This is a course with one simple aim:

To help fiction writers use their power as storytellers to support a more just and verdant world.

I know you feel it, every time you turn on the news, and every time you tune into your newsfeed—

The rage. The grief.

The sense of helplessness, when another woman comes forward with accounts of sexual harassment.

When another Black American is shot down by the police.

When another transgender person is brutally murdered.

When another species is pushed to the brink of extinction.

As a fiction writer, it’s easy to feel powerless in the face of injustice.

Easy to feel like your art doesn’t make a difference one way or another.

I used to feel that way too.

But then it occurred to me how many different novels had been banned in different times and places.

Novels like:

  • Isabelle Allende’s The House of the Spirits, banned in Pinochet’s Chile;
  • Salman Rushdie’s The Satanic Verses, which earned him a death sentence via a fatwa from the Ayatollah Khomeini;
  • and George Orwell’s Nineteen Eighty-Four, which was not only banned behind the Iron Curtain but dangerous (according to Czesław Miłosz) to even own.

Currently, we’re seeing efforts to ban novels like Toni Morrison’s Beloved and Elizabeth Acevedo’s The Poet X, on the part of those who seek to deny the truths of racism.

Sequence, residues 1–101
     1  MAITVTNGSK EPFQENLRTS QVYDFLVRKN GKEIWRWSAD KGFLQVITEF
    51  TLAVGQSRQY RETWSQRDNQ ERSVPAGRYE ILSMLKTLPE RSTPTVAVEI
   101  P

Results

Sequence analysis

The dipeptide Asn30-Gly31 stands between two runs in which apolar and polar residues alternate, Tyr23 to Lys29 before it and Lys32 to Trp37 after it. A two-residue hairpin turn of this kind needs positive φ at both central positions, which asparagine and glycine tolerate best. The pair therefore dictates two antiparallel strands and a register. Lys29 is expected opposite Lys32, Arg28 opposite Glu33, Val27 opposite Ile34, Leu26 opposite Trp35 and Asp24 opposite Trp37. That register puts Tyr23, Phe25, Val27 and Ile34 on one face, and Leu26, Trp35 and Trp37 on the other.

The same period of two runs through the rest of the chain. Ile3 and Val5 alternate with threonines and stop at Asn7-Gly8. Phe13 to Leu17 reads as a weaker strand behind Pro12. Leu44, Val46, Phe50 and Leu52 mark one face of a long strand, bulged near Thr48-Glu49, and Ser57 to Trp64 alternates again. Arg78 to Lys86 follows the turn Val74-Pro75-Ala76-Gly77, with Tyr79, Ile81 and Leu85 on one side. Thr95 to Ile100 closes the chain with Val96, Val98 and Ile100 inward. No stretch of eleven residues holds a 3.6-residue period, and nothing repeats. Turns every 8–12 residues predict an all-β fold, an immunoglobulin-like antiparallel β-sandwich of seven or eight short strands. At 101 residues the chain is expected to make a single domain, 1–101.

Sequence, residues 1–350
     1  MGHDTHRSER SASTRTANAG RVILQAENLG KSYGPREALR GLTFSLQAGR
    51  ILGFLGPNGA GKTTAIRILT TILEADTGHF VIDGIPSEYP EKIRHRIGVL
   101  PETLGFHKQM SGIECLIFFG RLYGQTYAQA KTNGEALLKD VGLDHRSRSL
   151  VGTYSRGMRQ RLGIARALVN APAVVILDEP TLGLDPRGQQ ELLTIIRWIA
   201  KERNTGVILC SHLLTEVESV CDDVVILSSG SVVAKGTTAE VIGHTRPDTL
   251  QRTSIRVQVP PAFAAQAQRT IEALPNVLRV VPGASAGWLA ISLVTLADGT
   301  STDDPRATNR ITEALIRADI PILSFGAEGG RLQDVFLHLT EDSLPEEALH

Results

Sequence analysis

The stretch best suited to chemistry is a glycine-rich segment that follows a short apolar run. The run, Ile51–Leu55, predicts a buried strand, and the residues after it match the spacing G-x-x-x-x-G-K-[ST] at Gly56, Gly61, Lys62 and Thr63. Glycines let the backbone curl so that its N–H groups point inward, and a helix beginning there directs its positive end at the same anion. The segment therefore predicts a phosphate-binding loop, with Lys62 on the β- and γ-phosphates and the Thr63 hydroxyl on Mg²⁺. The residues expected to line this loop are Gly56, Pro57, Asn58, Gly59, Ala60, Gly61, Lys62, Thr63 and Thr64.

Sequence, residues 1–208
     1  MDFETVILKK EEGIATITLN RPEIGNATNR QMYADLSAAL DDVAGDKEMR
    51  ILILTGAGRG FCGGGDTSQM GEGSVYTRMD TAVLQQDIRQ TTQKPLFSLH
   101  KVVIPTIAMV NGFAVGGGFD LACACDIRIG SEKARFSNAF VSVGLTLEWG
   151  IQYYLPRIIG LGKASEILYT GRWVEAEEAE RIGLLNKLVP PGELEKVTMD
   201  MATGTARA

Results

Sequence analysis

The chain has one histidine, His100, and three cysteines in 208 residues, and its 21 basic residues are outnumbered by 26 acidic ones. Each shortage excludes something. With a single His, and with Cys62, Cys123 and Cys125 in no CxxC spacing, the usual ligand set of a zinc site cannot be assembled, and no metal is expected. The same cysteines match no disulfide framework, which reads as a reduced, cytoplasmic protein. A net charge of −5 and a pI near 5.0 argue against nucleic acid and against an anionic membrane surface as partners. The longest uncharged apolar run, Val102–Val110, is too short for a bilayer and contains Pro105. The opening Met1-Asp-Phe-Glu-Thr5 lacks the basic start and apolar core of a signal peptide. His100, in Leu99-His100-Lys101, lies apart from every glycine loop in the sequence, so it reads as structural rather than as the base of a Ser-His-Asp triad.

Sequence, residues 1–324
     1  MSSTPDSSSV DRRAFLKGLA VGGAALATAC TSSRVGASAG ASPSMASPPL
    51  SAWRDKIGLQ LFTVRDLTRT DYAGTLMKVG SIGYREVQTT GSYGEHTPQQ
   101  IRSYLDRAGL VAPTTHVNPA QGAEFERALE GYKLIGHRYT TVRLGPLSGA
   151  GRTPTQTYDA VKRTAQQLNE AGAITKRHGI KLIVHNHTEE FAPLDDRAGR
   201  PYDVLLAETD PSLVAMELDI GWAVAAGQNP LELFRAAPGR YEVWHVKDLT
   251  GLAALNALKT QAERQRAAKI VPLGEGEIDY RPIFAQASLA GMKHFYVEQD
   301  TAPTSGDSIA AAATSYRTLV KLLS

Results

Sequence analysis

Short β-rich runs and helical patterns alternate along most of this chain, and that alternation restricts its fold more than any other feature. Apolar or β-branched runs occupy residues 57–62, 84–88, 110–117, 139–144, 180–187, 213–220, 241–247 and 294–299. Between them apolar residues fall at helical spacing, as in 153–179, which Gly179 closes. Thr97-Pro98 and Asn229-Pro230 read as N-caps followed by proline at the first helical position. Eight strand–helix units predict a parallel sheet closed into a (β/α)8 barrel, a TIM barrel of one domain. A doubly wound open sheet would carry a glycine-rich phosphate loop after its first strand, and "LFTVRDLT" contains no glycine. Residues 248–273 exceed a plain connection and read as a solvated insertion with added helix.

If fiction doesn’t make a difference in the world, then what are all these people so afraid of?

I think they’re afraid of what Ursula K. Le Guin was talking about in her 2015 National Book Award acceptance speech:

“Any human power can be resisted and changed by human beings. Resistance and change often begin in art, and very often in our art—the art of words.”

The truth is, as storytellers, we actually have a great deal of power.

So this is my invitation to you here, today: to accept that power, and the radical possibility that it represents.

What difference could your story make, if you took that power seriously?
Register for Story Medicine, and find out

   "If you are a writer with a sincere desire to weave social justice issues and diverse characters into your fiction,  this course is highly recommended!"

- D.L. Diener

“I thought the course was just terrific-- light-your-work-on-fire inspiring!”

--J. Langdon

If You're reading this...

…chances are, you’ve been compelled to take a stand in your work—but something might be holding you back.

Maybe a story has come to you that really matters, but you're worried about whether it’s really your story to tell.